Gojira ni-sen mireniamu (1999)
Tokyo really gets it in this one!
I was pleasantly surprised by this new and improved version of Godzilla. I loved the Big Guy's movies when I was a kid and I (somewhat sheepishly) went to this one on opening night with my brother-in-law, also a childhood monster movie fan. We were both impressed with the story, the more-than-decent FX (for these kinds of movies, that is), and the human characters. I couldn't help but notice a few little visual details that were obviously inspired by the horrendous American version of 1998, which rather surprised me. Maybe the Japanese were grateful to the American filmmakers for reawakening interest in Godzilla, despite the American's utter ineptitude in reinventing the story. The Godzilla in this flick is back-to-basics MEAN, and goes on an extremely destructive rampage through Tokyo, which is totally what I want to see when I go to this kind of thing (the American Godzilla was the wimpiest giant lizard the cinema has ever seen). Best of all though, Godzilla STILL manages to fight and defeat a deadly-to-humankind alien monster in the film's second half, affording his adoring fans a glimpse of his other,*softer* side. This is a good Monster Mash. 7/10
End of Days (1999)
It's the end of something all right...
The plot of this boils down to Ah-nuld versus Satan, and what I remember most about the movie is a lot of explosions, gunfire, blood, noise, and let's not forget that flammable satanic urine. The story is nonsensical, utterly predictable, and so full of holes I couldn't take a bit of it seriously. Stick to "Rosemary's Baby" or "The Exorcist" if you want to see a really good devil movie and....um, well, I can't think of any good "Action" movies at the moment (probably because they're so far-and-few-between), so you're on your own in that category. This flick does get a 3 out of 10 rating from me for its camp value, and for a pretty-good performance by Gabriel Byrne as that old debbil Satan!
Scary Movie (2000)
An occasional laugh not worth the seven bucks
This movie was pretty bad. Every now and again there was a trace of real wit, as in a few of the direct parodies of scenes from the "Scream" or the "I Know What You Did Last Summer" movies (I particularly liked the pretty heroine yelling, "C'mon! Do it!", ala Jennifer Love Hewitt from the "I Know" flicks--very funny!). The "Blair Witch Project" bit was clever, and well-done. But overall, the Wayans brothers humor isn't stupid-funny (as in the sublime "Airplane" or "Top Secret" flicks) it's just groaningly, unfunny-stupid. A shame, had it been made with a little more finesse, it could have really been something.
Light Fantastic (1964)
a forerunner of sorts
I have never met anyone who has ever seen or heard of this extremely obscure early-60's drama--it's not even listed in Leonard Maltin's book. I myself saw it years ago in the early 80's on a now-defunct local television station. I remember it so clearly because it felt very "indie" for a film from that time period: on-location filming with as-of-yet still unknown actors, and a "small" story (lonely young woman takes dancing lessons and begins to fall for her handsome but devious instructor). I'd love to view it again to see if it was really as effective as I remember it being; at any rate this lonely little flick will always have a place in my heart.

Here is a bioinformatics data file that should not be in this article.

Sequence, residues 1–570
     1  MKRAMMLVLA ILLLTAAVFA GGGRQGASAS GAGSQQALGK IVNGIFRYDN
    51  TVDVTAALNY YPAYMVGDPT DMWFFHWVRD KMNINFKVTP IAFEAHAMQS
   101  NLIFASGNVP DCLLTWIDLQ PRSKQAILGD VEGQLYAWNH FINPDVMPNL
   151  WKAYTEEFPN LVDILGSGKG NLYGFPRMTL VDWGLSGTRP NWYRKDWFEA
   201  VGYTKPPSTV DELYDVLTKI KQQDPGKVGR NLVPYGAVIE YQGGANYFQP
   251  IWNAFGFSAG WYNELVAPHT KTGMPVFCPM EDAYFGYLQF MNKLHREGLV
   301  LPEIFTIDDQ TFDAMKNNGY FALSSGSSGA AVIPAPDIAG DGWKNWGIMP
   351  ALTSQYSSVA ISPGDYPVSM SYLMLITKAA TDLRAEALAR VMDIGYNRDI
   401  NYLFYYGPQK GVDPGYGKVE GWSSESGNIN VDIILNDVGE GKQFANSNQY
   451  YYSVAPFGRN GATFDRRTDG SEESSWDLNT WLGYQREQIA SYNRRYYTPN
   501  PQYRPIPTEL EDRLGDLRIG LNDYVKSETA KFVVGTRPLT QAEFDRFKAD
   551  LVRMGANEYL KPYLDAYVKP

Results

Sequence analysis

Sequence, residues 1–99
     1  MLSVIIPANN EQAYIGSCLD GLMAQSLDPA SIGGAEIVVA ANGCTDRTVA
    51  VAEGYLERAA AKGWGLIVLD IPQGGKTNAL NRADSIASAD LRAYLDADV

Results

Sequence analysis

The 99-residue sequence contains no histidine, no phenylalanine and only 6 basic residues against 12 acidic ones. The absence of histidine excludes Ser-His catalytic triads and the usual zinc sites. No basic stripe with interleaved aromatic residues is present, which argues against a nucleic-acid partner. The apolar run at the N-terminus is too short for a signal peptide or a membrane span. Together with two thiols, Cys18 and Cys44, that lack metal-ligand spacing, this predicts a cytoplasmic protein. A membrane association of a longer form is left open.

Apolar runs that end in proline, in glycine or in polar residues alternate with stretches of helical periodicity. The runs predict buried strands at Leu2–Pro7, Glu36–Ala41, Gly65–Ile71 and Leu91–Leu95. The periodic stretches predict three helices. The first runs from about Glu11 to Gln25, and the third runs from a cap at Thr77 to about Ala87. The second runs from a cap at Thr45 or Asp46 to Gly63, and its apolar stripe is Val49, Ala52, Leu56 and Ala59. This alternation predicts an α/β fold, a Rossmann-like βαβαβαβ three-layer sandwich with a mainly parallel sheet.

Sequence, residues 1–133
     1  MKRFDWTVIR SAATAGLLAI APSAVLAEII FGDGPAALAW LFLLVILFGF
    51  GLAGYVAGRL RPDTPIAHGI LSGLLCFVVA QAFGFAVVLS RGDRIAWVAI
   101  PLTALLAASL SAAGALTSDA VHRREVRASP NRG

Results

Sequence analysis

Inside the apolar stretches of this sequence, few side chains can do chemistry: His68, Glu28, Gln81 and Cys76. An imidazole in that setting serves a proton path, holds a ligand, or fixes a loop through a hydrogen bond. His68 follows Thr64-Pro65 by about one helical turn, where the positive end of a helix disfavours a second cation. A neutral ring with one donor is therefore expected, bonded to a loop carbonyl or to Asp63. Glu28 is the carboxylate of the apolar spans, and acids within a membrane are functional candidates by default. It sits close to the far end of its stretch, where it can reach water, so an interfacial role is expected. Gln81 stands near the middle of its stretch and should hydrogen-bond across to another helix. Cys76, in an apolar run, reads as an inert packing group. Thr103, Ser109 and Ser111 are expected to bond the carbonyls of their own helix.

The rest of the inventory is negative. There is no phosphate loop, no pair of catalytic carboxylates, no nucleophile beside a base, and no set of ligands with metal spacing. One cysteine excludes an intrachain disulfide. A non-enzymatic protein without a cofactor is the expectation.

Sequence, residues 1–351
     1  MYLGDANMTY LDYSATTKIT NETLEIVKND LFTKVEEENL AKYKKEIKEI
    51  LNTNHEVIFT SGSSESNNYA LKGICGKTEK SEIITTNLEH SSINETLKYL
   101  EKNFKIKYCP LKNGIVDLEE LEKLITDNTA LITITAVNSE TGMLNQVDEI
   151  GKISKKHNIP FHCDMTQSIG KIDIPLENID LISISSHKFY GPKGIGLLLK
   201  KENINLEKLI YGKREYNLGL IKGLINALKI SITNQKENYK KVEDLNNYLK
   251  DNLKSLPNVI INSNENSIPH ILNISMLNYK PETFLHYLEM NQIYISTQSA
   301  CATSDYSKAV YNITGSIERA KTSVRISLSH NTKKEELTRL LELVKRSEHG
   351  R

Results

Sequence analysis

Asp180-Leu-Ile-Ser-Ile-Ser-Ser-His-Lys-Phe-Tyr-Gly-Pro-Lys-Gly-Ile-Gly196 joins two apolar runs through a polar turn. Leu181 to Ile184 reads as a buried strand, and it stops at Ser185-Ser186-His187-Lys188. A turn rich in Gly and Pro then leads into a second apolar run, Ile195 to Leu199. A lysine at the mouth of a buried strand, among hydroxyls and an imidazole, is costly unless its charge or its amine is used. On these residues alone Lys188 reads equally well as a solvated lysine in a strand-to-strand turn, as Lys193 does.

* As a postscript to this review, some 5+ years later, I have heard from a number of people associated either directly or indirectly with the making of Light Fantastic, and it's been great to find I am not the only person in the world who remembers the movie. The film even has something like 6 other ratings posted now, along with mine. I invite any and all of these people to post their own reviews and/or thoughts here as well. My little memory of it still posts all alone. But as it stands now, on 8/18/05, it looks like what we have here is possibly the smallest cult audience for a film yet!
The Shawshank Redemption (1994)
Don't get me wrong - I liked this movie just fine, I just don't understand how it deserves the *heaps* of rapturous praise it regularly receives from IMDb members, and the fact that is has been ranked at #2 in the hallowed IMDb Top 250 for the past 8 years or so just baffles me. It was certainly entertaining enough, and very well-acted, but also way over-long, and filled with the usual stock characters that seem to inhabit every prison drama (if Hollywood movies are to be believed, prison wardens are mainly just nasty SOB's and the inmates are just the best bunch of guys you'd ever want to meet). I'd recommend the movie as a good renter, but I guess I can't see it as any more than that. I realize I am way in the minority on this, however.
The grandmother of the Women Behind Bars genre
There is undeniably some hokum in this 1950's crime drama, but this is still easily one of the best prison films ever, featuring top-notch performances by Eleanor Parker as the young innocent eventually hardened by the grim realities of prison life, and by Hope Emerson as the scary prison matron (both deservedly recieved Academy Award nominations for their work). This is a gripping, well-made story, highlighted further by moments of genuine power. One of my favorite 50's flicks.